An equally cringe-inducing point comes on page 44 [of TGD]: “As I said in the Preface, American atheists far outnumber religious Jews, yet the Jewish lobby is notoriously one of the most formidable in Washington. What might American atheists achieve if they organized themselves properly?” The so-called Jewish lobby is not, after all, calling for the national separation of milks and meats; it’s more properly called a pro-Israel lobby, and works to secure military hardware as well as financial and political support for an existing earthly government.

    link

    Don’t have TGD, can’t confirm it.

    you are essentially allowing him to use a red herring to escape having to actually back up his initial contentions about GD and Dawkins.

    I thought it fairly clear backing up isn’t going to happen.

  494. #495 Ragutis (Oh noes! A pseudonym!)
    July 2, 2008

    @ #444:

    Maimonides referred to a very curious passage in the Bible that says that the Jews were supposed to kill without mercy any member of one of five Canaanite tribes. It’s just as well, said Mainonides, that we can’t tell the difference between people nowadays (he wrote 1000 years ago). So perhaps your cloak of anonymity serves a useful purpose.

    Posted by: Henry Gee | July 1, 2008 6:48 PM

    What an interesting paragraph. What were you trying to say there, if I may ask, Dr. Gee?

  495. #496 Lee Brimmicombe-Wood
    July 2, 2008

    I always chuckle when I get labelled an anti-semite for being a critic of the Occupation. I have fought Nazis–real, Hitler-saluting ones. I stood alongside Henry’s enemies, the Socialist Workers, in the ’80s, fighting the NF and BM in gang surges around the fringes of Chapel Market. However, these credentials clearly count for nothing with some people.

    Maybe it shouldn’t. The past is past and what matters is what I am doing now. But I’ve had allies and would-be allies turn on me before. In one case for the simple reason that my opposition to torture made me ‘objectively pro-Jihadist’.

    We live in interesting times.

  496. #497 amk
    July 2, 2008

    That reminds me – pro-Israel Nazis!

    The organization – whose members have yet to reveal themselves to the public – claims that Israel’s right to exist is anchored in the principles of social Darwinism, the same principles which the Nazis adopted prior to the Second World War.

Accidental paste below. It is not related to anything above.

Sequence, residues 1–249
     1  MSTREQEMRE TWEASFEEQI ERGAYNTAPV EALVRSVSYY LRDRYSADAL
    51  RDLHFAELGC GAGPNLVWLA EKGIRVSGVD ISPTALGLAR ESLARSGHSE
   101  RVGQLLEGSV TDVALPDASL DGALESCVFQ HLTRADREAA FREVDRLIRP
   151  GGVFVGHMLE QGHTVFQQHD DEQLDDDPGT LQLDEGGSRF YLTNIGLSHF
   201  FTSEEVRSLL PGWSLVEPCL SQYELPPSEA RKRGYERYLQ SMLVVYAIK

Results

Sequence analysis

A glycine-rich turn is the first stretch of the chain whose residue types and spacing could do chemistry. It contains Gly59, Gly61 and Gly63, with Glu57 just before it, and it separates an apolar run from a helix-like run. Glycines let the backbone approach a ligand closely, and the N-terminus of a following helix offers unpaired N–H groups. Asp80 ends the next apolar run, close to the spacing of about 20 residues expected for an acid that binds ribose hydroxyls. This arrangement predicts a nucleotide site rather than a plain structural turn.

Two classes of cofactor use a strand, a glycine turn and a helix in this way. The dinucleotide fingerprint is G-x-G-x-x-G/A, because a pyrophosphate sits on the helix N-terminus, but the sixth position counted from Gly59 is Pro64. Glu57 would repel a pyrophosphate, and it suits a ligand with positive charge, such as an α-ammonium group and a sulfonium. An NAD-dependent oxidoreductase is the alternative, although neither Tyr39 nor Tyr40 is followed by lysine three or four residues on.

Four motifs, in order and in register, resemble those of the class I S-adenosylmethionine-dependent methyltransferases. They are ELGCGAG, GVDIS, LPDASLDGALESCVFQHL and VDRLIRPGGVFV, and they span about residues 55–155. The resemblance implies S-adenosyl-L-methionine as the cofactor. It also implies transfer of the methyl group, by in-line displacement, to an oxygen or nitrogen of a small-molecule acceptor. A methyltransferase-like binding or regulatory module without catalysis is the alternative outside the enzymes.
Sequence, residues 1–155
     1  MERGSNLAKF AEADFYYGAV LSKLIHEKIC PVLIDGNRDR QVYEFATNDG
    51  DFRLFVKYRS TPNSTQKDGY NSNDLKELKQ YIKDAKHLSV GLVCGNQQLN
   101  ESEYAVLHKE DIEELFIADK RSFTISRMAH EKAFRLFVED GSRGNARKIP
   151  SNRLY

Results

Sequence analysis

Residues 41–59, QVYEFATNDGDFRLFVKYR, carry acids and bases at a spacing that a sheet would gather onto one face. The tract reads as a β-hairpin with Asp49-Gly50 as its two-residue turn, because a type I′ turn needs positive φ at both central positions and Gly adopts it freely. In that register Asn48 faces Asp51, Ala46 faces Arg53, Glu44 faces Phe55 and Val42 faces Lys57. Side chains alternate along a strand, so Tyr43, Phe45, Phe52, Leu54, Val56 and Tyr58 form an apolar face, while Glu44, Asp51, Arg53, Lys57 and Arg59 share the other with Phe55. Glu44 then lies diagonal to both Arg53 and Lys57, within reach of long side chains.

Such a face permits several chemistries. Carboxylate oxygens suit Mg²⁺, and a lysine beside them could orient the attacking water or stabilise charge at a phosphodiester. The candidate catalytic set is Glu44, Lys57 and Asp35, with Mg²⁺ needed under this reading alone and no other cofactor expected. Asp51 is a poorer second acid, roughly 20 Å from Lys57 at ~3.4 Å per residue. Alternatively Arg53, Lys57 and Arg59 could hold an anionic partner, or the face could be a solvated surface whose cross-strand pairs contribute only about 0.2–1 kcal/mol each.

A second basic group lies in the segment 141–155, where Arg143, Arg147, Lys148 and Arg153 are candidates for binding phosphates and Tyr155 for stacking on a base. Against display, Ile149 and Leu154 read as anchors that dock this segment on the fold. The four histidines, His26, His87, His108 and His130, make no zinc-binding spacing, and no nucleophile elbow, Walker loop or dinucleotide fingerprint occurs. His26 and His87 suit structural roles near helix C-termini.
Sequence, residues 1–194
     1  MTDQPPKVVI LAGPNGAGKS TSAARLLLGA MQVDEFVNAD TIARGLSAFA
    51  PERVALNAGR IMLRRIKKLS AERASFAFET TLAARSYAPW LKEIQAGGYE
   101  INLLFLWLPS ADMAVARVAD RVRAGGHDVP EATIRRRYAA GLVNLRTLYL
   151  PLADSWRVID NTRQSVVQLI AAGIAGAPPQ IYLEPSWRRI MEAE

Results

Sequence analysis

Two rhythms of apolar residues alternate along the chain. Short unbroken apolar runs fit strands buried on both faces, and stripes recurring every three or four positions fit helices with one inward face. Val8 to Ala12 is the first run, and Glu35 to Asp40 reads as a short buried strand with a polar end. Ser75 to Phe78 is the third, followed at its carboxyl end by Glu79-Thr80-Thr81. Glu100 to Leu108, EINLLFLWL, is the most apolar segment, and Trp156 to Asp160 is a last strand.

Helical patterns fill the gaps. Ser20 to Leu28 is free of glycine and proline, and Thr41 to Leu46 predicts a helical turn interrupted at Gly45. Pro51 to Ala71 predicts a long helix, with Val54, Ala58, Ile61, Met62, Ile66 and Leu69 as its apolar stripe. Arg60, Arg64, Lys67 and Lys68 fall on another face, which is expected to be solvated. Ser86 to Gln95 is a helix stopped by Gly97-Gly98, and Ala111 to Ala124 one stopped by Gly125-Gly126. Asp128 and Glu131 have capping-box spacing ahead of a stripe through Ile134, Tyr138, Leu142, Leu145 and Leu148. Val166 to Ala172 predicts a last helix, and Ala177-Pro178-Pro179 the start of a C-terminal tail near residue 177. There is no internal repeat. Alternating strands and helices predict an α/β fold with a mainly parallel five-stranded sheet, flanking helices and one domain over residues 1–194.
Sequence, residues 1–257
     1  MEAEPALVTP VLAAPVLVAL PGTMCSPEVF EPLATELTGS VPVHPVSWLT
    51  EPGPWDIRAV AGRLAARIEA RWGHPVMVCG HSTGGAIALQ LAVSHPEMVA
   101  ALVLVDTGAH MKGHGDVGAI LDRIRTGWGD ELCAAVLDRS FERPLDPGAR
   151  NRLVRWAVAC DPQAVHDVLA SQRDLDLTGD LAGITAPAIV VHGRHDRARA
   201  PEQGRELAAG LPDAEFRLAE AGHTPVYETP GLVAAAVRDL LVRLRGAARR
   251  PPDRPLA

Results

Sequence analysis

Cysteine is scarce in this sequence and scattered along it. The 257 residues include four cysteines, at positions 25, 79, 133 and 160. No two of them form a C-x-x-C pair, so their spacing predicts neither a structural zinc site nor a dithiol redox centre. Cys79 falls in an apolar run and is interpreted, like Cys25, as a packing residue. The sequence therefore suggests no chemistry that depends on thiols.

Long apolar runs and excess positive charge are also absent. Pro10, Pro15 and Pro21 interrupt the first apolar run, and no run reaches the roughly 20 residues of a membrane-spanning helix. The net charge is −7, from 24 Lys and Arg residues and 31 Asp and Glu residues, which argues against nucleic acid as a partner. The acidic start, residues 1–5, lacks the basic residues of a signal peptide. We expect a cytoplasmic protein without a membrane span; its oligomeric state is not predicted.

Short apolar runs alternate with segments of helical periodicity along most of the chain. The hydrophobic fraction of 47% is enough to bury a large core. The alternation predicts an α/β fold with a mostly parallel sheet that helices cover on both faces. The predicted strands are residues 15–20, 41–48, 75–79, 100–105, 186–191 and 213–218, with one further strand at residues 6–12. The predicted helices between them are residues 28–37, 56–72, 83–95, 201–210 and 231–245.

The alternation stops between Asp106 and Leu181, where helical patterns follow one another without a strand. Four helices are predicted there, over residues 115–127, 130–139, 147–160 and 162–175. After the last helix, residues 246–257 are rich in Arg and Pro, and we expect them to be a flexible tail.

“Israel earned the right to live among the nations [after emerging] from unending wars,” the group writes on the site. “Israel also has a right to exist. This nation also has culture… The nation of Israel is appreciated… It is our duty, as neo-Nazis, to defend this supreme success. Not just for the German people and the European cultural sphere, but also, especially, for Israel.”

  497. #498 Nick Gotts
    July 2, 2008

    While my client confesses to certain counts of fraud, sedition, conspiracy, and incitement, we wish to point out that the statute of limitations expired quite some time ago…”

    …as indeed did my client.

  498. #499 Anton Mates
    July 2, 2008

    That’s a little unfair. Dawkins has repeatedly talked of the power of the Jewish lobby in the US.

    Sure, but every time it’s been in the context of, “See what minority groups can do when they get vocal and organized? We atheists should do the same thing!” No one could honestly confuse that with the standard antisemitic claims of secret Jewish cabals controlling business and government.

    At the very least Dawkins is choosing his words poorly, inserting his ambulatory extension into his communication apparatus.

    Well, he’s certainly spectacularly wrong–the US pro-Israel lobby is mostly non-Jewish. And, as someone mentioned, he’s chosen his words poorly on plenty of scientific issues in the past. But whatever his combination of ignorance and sloppy phrasing, it hardly makes him an antisemite.

  499. #500 negentropyeater
    July 2, 2008

    From this exchange it appears to me that Mr Gee didn’t have anything concrete to say about the God Delusion, but that his attack of Dawkins as a demagogue was principally driven by his latest remarks (see Gee’s post #415).